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The bullying trend

By Giorgia Ziliani, Children's Human Rights Network

Imagine going to school, holding your books in your hands with your heavy backpack on your shoulders, walking slowly, looking at your feet and the floor, trying not to exchange looks with anyone. Imagine trying to be as invisible as possible so that, at least for one morning, you can be safe from bullies before the school bell. 

Imagine going to school knowing that it is going to be a nightmare every day, because you are being bullied by a group of your fellow pupils, who push, attack and insult you. 

This sense of fear and humiliation should not be part of any school environment. However, many children every day are victims of this kind of verbal and physical abuse. 

Secondary school teachers confirm that bullying is increasing in schools, especially in the UK where cyber-bullying has caused levels of bullying to increase by 40% Many schools all over the world admit to struggling to control this critical issue.

It is getting worse, although this issue is being ignored. In many cases, this terrible experience is being wrongly seen as just an inevitable part of everyone’s childhood and teenage years.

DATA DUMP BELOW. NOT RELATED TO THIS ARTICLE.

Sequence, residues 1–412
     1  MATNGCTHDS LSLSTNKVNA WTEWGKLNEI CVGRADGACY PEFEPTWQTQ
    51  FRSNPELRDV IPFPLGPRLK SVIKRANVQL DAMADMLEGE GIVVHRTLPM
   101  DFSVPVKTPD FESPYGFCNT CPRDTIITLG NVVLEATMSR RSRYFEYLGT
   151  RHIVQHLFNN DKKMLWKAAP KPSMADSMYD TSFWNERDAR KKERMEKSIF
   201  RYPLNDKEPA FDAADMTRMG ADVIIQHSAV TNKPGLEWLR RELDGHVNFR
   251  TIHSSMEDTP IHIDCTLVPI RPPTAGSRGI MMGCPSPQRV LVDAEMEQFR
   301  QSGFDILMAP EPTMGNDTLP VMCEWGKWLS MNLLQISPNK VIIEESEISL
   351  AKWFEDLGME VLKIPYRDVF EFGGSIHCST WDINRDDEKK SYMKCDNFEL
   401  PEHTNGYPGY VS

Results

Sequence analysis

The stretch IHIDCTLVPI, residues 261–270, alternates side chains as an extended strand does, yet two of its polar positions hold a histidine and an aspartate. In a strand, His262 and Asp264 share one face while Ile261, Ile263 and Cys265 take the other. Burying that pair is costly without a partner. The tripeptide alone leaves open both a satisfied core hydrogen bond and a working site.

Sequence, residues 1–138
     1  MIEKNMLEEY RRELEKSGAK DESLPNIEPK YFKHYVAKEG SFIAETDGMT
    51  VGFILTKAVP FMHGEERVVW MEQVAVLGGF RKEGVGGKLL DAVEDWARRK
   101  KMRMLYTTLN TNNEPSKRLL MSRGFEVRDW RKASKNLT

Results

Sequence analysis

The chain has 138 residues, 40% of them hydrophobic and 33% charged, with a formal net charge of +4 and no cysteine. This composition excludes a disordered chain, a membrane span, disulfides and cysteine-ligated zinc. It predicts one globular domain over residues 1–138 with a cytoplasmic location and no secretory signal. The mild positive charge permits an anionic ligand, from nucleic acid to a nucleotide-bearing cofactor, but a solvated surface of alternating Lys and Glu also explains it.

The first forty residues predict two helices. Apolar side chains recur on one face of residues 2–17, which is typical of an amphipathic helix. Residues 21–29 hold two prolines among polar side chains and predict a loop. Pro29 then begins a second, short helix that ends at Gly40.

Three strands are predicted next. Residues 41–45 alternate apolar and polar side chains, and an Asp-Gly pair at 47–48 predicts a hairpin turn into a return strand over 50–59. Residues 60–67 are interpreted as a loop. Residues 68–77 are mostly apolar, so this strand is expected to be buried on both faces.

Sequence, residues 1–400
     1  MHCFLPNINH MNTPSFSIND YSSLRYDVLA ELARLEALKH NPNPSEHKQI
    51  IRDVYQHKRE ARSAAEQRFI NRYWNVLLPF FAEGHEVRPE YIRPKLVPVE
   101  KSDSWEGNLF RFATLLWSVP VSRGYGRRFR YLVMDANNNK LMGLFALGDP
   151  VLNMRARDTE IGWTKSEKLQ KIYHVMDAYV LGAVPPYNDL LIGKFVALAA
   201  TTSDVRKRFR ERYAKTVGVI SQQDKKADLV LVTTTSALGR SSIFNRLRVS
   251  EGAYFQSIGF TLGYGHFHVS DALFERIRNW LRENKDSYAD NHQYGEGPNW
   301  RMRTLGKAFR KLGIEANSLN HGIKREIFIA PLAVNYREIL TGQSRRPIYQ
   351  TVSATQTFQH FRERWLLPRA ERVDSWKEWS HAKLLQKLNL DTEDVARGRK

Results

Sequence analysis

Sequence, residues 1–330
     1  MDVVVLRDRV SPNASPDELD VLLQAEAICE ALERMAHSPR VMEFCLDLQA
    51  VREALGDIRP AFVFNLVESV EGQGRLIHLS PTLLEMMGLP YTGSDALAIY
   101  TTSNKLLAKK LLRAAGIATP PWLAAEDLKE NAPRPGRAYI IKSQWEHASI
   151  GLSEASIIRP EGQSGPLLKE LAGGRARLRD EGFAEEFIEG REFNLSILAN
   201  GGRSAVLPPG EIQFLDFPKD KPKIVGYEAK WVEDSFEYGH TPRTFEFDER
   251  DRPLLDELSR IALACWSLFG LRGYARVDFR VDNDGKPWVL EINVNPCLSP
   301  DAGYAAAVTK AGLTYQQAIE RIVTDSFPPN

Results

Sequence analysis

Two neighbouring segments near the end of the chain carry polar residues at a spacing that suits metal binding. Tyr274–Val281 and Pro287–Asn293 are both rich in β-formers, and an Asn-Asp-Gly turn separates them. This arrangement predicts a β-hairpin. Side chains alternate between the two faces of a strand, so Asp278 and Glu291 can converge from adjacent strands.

There should be nothing normal about it. Louie Tom Fenton, a 12-year-old boy, was found dead on 19 January.  Louie was bullied for being vegan, and other students would throw meat at him during lunch break.  To avoid bullying, Louie started eating outside and smoking to control his panic and stress. He eventually took his own life.

Too many children, who are victims of bullying, are resorting to extreme measure to try and deal with the resulting stress, anxiety and depression.  They can develop low self-esteem, and can start thinking that maybe this is what they deserve. That there is no escape.

Teachers have a duty to help children in these situations, and to make sure they establish values of tolerance and respect in the classroom. This is essential for the personal development of all children. Prevention of childhood trauma from bullying has to be the highest priority in all schools. For the sake of all children. 

About Amnesty UK Blogs
Our blogs are written by Amnesty International staff, volunteers and other interested individuals, to encourage debate around human rights issues. They do not necessarily represent the views of Amnesty International.
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